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Your Fight Scene

Is your character a “Mary Sue”?

About a year ago, I received an email from a reader that said, in part:

“… all of my sisters read my stories, but when one of them remarked that my character was a “Mary-Sue”, I became horrified. Stories with mary-sues often get skewered. I’d often see ten-year-old writers get ridiculed on the review board because they wrote about girls with the beauty of ten aphrodites…”

“Stories with mary-sues?” In decades of writing and critiquing – not to mention the time I’ve spent creating whole courses for writers – I had never come across this term before. What on earth, I wondered, was a “Mary Sue”? Naturally, I Googled it, and landed on the Wikipedia page where I discovered that this is actually a wonderfully useful term!

Basically, a “Mary Sue” (sometimes called a “Marty Stu” or a “Gary Stu” for male characters) is characterised by overly idealised and hackneyed mannerisms. A Mary Sue doesn’t seem to have any flaws, and is looked upon as a character that serves as wish fulfilment for the author.

In other words, a Mary-Sue is the ‘ideal you’. I was nodding as I read this: I have encountered many a Mary-Sue in the manuscripts that I have critiqued. Often, it was blindingly obvious that the author had based the character on herself – conveniently leaving out any flaws. Indeed, the character was who the author would LIKE to be.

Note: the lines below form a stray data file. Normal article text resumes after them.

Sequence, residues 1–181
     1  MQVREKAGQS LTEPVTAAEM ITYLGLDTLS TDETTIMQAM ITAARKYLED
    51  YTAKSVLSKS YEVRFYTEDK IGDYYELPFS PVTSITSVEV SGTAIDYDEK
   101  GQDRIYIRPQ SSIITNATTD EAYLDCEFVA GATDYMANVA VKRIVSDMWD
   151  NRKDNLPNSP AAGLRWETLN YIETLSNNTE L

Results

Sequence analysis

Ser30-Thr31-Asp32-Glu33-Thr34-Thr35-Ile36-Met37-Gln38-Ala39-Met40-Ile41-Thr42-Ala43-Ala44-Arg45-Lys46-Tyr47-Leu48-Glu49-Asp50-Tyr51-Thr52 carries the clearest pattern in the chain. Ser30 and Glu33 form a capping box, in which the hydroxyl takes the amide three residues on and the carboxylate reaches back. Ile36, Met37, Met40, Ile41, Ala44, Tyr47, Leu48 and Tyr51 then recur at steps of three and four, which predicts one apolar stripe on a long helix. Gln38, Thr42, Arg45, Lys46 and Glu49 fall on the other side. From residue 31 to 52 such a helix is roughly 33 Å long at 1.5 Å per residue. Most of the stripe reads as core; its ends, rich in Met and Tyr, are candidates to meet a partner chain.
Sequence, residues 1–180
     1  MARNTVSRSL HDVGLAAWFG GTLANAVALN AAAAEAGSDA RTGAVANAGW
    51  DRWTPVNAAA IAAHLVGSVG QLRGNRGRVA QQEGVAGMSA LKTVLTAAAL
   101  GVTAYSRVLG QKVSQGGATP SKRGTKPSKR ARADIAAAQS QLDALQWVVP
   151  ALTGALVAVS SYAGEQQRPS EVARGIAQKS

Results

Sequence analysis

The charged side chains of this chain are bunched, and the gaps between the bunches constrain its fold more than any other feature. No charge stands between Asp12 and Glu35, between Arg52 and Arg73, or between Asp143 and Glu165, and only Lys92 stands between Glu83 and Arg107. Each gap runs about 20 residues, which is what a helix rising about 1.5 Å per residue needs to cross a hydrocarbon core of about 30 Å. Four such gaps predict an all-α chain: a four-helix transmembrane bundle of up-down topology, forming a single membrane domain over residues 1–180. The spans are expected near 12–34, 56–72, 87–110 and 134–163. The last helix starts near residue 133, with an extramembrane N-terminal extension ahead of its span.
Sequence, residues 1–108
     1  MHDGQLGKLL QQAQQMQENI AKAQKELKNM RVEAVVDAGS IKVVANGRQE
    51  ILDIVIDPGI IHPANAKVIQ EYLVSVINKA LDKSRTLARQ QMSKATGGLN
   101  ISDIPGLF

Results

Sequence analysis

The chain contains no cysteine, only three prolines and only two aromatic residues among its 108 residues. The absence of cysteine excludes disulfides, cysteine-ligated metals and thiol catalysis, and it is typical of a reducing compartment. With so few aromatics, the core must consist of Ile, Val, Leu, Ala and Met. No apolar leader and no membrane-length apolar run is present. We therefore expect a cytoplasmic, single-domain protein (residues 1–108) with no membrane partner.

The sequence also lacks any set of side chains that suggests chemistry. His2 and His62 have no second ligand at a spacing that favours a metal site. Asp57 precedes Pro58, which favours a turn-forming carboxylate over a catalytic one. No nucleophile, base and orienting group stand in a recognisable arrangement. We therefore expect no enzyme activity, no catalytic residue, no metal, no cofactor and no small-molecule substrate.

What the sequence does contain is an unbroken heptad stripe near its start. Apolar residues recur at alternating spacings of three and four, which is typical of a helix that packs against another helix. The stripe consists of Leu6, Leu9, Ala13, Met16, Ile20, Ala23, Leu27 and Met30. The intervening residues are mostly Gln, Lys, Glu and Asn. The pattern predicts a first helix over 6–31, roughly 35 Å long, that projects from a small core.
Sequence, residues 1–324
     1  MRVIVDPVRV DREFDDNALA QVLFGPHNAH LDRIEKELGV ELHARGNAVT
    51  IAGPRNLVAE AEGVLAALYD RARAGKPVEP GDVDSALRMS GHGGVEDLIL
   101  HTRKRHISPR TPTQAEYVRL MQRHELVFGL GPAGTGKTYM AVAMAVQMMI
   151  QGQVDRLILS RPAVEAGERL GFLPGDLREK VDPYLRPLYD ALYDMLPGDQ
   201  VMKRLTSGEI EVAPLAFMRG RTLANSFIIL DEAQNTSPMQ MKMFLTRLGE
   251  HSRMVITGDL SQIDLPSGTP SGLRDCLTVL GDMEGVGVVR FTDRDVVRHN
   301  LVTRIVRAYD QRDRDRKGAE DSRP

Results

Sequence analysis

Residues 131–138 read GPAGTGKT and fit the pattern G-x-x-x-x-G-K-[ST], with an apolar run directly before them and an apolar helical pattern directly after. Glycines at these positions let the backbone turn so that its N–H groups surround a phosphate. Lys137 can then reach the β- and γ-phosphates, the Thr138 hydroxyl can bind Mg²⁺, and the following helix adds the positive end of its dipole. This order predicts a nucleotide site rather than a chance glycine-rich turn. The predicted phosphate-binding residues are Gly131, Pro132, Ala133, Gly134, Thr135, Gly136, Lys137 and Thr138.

As I read further, I found that the term “Mary Sue” had its genesis in fan fiction (taken from a character created by Paula Smith in her 1974 parody story “A Trekkie’s Tale”). It has expanded from this to cover similar characters in general fiction.

So how can you make sure that your story doesn’t feature the person you’d like to be? That your heroine isn’t a Mary-Sue? Analyse your character (and if your character is male, simply change the female pronouns below to male):

  •  Is she who YOU really want to be?
  •  Is she too perfect? (looks and behaviour)
  •  Is she too privileged? (possessions, great job)
  •  Does the plot allow her to always make exactly the right judgements and decisions? (She’s probably boring.)
  •  Does this character appear in more than one story you have written/are writing – perhaps simply with different names and a change of hair colour?

If it hurts too much to change any aspect of this perfect character, then you may be in real danger of having created a Mary Sue.

A suggested remedy: Spend a couple of hours creating a character that is the opposite of the ‘ideal you’. If this character is irredeemably nasty or stupid, then set about giving her some good points. Let them balance out the bad. In other words… create a character that is much more ‘real’.